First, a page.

ENVIRONMENTAL campaigners say more needs to be done to cut fumes from cremations, claiming they can produce as much harmful pollution as a car driving twice the length of the UK.

Around 95 per cent of coffins used in cremations are made from chipboard or MDF.

Funerals using these produce the same amount of nitrogen oxide gas as a car driving 2,280 miles – or 3,650 cars driving past during the course of a cremation, according to industry magazine Pharos.

A Freedom of Information request by Newsquest's Data Investigations Unit has found only a handful of the UK's 307 crematoria are using new deNOx technology to reduce the harmful emission levels.

Kingsdown Crematorium in Swindon is among those without it – but the borough council labelled the Pharos claims "extremely questionable".

A spokesman for the Green Party said: “We’re very concerned about NOx pollution. We’re in no doubt that cremations are contributing to this problem.

“Ironically, people with stoves and log burners are advised against burning chipboard due to the toxic fumes it produces, yet this is precisely what is happening with funerals as the majority of coffins cremated are made of chipboard.

“We shouldn’t let the taboo around death prevent us from addressing environmental concerns.”

In 2018, 78 per cent of deaths in the UK resulted in cremations. This is a huge rise from 1968, when it was only 51 per cent.

A Swindon Borough Council spokesman said: “The council’s crematorium at Kingsdown meets all industry standards for the safe release of gases and is subject to regular health and safety checks to ensure ongoing compliance.

“We use mercury abatement technology at our facility and continue to monitor all other industry best practices.

"The council is not involved in the choice of casket material, which is provided by the bereaved family with the support of their funeral director.

“The claim made within this article regarding the comparison between crematorium gases and vehicle fumes is, we would say, extremely questionable and leaves out many factors which impact on the safety of residents, such as proximity to residential areas and the relative heights of release points.”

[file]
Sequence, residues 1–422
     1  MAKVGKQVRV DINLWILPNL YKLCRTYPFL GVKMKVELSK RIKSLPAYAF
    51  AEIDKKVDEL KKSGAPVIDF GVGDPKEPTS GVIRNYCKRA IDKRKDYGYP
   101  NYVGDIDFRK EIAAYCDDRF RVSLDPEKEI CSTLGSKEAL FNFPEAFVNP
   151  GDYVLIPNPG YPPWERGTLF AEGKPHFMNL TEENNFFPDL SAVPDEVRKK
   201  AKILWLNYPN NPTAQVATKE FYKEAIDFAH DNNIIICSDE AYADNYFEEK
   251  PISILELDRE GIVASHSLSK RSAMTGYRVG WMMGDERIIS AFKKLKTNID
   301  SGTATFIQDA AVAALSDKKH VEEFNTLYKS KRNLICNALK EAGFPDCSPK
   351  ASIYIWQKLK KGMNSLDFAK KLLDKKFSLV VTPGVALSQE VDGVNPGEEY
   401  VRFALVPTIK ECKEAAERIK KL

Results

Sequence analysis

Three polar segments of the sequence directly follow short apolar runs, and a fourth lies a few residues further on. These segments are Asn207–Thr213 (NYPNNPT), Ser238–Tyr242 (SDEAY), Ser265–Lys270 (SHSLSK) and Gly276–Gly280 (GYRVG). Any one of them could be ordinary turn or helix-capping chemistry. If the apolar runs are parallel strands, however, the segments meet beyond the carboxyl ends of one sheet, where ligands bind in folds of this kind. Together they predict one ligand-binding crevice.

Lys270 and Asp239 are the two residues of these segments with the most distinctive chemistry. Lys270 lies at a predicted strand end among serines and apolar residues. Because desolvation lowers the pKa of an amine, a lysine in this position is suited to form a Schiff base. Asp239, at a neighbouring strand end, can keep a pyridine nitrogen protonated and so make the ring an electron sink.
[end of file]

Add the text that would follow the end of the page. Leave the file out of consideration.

And a climate change protest group urged councils and the government to see the bigger picture.

Extinction Rebellion Swindon member John Ranford said: “It’s far more effective to think about the impact we make now rather than when we die.

“If we want to be cremated I think that those things have a much smaller impact compared to the impact that the government makes.

“The government are the ones who need to make sacrifices, we’re going to see the climate catastrophe before we know it.”

'New deNOx technology should be law'

THE company which supplies the majority of the UK’s crematoria is developing technology to reduce nitrogen oxides.

But many councils have said the equipment provided by Facultatieve Technologies is not used as there is no legislative requirement to do so.

The director of Tapper Funeral Service, Steven Tapper, decided to fit the pollution-reducing technology at his family firm in Poole.

He said: “The cremation industry has kept itself under the radar.

"The same filtration systems are available for crematoriums as for a car engine.

“We’ve got a NOx filter at our crematorium. They cost around £30,000 and whilst that’s a lot of money it’s not a lot in relative terms to the cost of a cremator or crematorium. In relative terms it’s small change.

“I don’t want to be breathing in NOx, I don’t want colleagues and friends breathing it in and I certainly don’t want my clients breathing it in.

“Having deNOx equipment is comparable to having seatbelts in cars or a catalytic converter – it should be law."

An FOI request confirmed at least 91 per cent of the 198 publicly-run crematoria do not have the technology installed.